At about the same time Perry hired McCraw, then Arizona Governor Janet Napolitano (D-AZ) declared a “state of emergency” in four border counties. “Both federal governments let us down — there doesn’t seem to be any sense of urgency,” Napolitano said in an interview with the New York Times. Napolitano would later become President Barrack Obama’s first secretary of Homeland Security.
A few days later, New Mexico Governor Bill Richardson (D-NM) also made an emergency declaration. In a separate interview with the Times, Richardson called his move an act of desperation, referring to the situation along the border. He said his state would provide additional resources to the border “until Congress and the feds deal with this issue.”
Both Richardson and Napolitano prepared for their 2006 re-election campaigns. Perry also prepared for re-election at that time. In the same Times article, Perry’s spokesman, Robert Black said Perry was not considering a state of emergency declaration. “The governor has said that we’ll continue to make the case that there can be no homeland security without border security, and the federal government needs to make a greater commitment both in resources and manpower along the Texas-Mexico border,” Black told the Times.
Perry was facing a tough re-election in 2006. In addition to facing three challengers in the Republican primary, Perry was challenged in the general election by Democrat former Houston Congressman Chris Bell, Republican Comptroller Carole Keeton Straynorn (who ran as an Independent “One Tough Grandma”), and country singer Kinky Friedman. Perry won re-election but only garnered 39% of the vote.
Perry’s security plan was looked at again, six years later, by the TransBorder Project of the Center for International Policy. In an article titled, “Evolution of Border Security in Texas,” the group said that border security had not always been a top priority in Texas. They wrote that before Perry hired McCraw “homeland security strategy in Texas wasn’t much different than other states.”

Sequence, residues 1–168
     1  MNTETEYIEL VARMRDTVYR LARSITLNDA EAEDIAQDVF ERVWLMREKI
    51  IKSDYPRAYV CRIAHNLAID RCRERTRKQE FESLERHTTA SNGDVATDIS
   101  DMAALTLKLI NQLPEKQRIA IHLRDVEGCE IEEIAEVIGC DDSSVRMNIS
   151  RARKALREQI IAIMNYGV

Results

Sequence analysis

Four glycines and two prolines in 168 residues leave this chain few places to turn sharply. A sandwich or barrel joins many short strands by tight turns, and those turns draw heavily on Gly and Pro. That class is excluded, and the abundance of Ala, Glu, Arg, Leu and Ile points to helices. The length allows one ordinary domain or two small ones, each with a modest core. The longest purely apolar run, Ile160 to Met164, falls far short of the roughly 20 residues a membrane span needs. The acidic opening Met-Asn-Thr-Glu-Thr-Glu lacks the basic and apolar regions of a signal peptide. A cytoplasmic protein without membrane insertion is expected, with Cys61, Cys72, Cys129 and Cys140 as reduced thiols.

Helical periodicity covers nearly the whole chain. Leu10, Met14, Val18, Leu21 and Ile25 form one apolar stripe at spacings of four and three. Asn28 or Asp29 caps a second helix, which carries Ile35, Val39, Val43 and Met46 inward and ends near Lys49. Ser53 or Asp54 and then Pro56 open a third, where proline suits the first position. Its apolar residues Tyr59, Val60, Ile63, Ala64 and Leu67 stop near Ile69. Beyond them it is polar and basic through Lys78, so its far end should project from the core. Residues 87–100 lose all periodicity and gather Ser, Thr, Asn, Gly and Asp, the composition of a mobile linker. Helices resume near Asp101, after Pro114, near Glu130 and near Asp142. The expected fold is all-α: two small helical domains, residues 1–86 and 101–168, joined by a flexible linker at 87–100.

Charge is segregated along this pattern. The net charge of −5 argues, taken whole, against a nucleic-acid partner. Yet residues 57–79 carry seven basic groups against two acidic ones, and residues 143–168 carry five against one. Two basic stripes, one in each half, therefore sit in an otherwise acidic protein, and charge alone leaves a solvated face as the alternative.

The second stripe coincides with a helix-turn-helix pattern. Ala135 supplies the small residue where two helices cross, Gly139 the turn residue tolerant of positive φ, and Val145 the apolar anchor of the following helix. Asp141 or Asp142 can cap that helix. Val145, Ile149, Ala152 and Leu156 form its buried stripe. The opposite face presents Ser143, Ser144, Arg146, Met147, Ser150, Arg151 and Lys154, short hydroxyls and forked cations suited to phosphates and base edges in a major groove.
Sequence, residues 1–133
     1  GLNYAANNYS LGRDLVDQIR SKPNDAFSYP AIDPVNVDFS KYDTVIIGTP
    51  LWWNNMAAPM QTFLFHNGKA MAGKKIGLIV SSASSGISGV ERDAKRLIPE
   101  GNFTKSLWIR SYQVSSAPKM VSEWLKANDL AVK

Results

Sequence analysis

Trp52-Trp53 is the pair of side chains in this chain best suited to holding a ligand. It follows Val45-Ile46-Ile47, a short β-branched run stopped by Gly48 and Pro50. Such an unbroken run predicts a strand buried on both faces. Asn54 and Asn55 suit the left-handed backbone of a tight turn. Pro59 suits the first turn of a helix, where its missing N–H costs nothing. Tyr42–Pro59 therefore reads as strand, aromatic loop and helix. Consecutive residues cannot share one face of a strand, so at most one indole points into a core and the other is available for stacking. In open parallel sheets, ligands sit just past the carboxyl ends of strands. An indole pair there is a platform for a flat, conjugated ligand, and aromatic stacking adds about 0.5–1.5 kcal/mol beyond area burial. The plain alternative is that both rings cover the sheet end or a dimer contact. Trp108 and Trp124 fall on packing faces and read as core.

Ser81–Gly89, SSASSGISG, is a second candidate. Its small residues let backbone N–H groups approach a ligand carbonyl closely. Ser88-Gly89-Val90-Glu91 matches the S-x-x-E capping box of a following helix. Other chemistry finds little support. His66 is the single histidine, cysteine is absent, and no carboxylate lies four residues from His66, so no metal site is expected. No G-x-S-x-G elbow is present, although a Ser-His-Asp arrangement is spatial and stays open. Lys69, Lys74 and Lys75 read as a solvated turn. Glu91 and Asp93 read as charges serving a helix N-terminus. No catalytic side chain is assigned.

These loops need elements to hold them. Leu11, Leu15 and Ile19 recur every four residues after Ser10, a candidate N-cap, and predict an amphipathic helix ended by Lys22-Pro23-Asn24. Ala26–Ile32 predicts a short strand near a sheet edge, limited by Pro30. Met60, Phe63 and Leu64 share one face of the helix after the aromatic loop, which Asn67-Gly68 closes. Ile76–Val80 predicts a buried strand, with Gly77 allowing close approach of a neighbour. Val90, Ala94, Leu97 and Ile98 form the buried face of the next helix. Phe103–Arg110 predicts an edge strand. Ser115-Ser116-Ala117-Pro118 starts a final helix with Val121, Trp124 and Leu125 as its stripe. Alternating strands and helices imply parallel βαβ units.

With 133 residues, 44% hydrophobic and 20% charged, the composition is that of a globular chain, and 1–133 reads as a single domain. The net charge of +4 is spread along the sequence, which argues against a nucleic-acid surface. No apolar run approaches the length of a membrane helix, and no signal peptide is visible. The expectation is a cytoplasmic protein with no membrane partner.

The group analyzed Perry’s 2004 plan “had a clear focus on working with the federal government to prevent foreign terrorism and to respond to homeland disasters.”
“There is no mention of immigrants or criminal aliens, no talk of the threat of narcoterrorism, drug cartels, or transnational gangs, and no discussion of border crime, spillover violence, or narcotics flows,” the article states. The group claimed the central focus of Perry’s plan was on monitoring see and land ports-of-entry. They said Perry’s plan had only one page on border security while it contained five pages on critical infrastructure and four pages on emergency response to disasters or terrorist attacks.
Going back further in the Perry Administration, many would say that Perry’s signing into law, the bill authorizing in-state tuition for the children of illegal immigrants, served as a magnet to bring even more illegal immigrants, including families, to Texas. In September, 2014, Breitbart Texas’s Sarah Rumpf reported Perry’s continued support for the bill which cost him political support during his 2012 presidential bid.